The Noles look to rebound in 2012 as they enter spring with a good mix of experience and talent, returning players accounting for 74% of all rushing yards and 18 of the 20 touchdowns. Add to the mix, one incredibly talented early enrollee and expectations should be at least moderately high. But before going any further some qualifying remarks should be stated.

Football is the ultimate team sport, which makes position group evaluation somewhat challenging. It is quite difficult to judge a single position when so much of its success or failure depends upon the job performance of others. I believe offensive line play is the single most important factor in determining a quarterback's quality of play. While that may seem obvious to some, I state that only to highlight that it is even more important to running backs. The quarterback is initially moving away from attackers and typically has about three seconds to make up his mind and react. A running back has about half that much time and half again if there are unblocked defenders. Because of this, I find it especially difficult to separate running back from offensive line, even though I attempted to do this numerically last spring.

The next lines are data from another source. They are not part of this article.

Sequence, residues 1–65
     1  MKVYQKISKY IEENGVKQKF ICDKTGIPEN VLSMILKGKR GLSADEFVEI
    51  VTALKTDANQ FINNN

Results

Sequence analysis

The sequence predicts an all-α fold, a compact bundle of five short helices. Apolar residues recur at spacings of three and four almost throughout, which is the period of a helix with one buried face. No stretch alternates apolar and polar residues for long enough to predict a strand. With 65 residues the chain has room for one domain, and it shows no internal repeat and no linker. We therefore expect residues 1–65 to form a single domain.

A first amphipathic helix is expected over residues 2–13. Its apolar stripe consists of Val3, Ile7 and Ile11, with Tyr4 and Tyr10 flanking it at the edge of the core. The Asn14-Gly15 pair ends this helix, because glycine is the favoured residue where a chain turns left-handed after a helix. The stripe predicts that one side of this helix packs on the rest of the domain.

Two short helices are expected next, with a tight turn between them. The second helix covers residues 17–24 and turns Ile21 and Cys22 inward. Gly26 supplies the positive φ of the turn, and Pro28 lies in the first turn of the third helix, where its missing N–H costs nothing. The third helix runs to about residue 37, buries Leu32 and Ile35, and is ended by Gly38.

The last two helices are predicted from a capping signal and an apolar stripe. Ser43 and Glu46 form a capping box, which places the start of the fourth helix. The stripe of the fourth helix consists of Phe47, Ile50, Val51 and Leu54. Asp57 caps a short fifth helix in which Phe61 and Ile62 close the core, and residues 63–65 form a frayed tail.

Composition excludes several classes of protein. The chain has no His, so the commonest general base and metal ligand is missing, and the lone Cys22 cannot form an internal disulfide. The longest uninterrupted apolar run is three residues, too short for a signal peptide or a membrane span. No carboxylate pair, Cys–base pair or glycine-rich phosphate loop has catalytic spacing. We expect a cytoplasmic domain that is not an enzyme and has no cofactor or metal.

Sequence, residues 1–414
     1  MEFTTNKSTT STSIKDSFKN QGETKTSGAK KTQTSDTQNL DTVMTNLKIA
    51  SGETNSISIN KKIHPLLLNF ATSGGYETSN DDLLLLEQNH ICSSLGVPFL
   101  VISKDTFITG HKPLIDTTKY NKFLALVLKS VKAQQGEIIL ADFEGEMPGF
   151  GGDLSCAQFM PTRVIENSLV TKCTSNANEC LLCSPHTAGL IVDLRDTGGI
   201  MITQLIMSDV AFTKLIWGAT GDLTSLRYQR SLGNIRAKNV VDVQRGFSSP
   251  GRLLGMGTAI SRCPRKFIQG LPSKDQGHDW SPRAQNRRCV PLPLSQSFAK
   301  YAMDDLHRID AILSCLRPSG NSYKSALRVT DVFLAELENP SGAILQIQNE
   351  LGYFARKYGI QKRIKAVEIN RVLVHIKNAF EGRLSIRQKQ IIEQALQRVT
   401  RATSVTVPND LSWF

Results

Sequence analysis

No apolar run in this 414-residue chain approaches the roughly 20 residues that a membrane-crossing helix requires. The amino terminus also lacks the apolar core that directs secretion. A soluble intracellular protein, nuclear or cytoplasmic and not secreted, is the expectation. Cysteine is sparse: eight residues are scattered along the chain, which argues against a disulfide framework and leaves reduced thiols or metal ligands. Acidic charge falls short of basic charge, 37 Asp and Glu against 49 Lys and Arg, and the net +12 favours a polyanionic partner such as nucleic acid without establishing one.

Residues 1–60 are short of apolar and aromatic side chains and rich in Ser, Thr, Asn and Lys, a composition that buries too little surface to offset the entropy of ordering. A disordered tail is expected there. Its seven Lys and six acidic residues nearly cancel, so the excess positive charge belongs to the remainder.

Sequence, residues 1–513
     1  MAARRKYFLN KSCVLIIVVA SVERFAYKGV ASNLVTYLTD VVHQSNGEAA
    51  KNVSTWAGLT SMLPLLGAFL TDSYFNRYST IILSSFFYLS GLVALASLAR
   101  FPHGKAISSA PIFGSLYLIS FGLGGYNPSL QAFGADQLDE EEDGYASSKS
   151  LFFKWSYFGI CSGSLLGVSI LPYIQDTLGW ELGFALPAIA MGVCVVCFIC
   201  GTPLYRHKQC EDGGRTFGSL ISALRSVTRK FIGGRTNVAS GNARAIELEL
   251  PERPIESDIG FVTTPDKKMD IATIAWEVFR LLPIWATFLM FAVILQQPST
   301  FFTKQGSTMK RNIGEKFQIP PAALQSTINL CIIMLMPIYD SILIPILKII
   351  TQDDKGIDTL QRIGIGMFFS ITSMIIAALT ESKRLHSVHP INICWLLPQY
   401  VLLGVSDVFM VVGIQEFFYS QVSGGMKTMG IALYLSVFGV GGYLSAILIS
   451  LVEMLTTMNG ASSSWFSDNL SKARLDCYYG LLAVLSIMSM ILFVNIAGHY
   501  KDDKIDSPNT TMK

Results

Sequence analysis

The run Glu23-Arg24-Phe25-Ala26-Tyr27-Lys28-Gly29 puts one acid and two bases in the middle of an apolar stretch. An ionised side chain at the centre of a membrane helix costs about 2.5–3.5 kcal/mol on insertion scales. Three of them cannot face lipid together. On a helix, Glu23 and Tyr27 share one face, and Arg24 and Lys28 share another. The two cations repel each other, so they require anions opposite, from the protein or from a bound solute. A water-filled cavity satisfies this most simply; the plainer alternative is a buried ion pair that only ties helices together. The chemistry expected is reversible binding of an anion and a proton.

We will preview the offensive line soon, but it is worth emphasizing now just how much FSU lost with the graduation of Hudson and McMahon, the unexpected loss of Datko and Spurlock, and their backups Snider, Sanderson and Orelus. On true running plays in 2011 FSU averaged 4.9 ypp off left tackle, 6.3 off right tackle and just 3.3 between the tackles.

Chris Thompson

The 2010 team leader in carries (133), yards (846), TDs (6) and ypc (6.4). Running Backs Coach Eddie Gran demands physical play from his group and perhaps no player benefited more from this philosophy than Chris. He became a complete back and showed toward the end of that season he could be an every down RB and handle 20 carries per game. His 2011 campaign was frighteningly cut short due to a back injury against Wake Forest. His career is not finished, as many assumed, but how much he can handle at this point is unclear. But let's assume he'll be ready to go and discuss what a fully healthy Chris Thompson gives the team.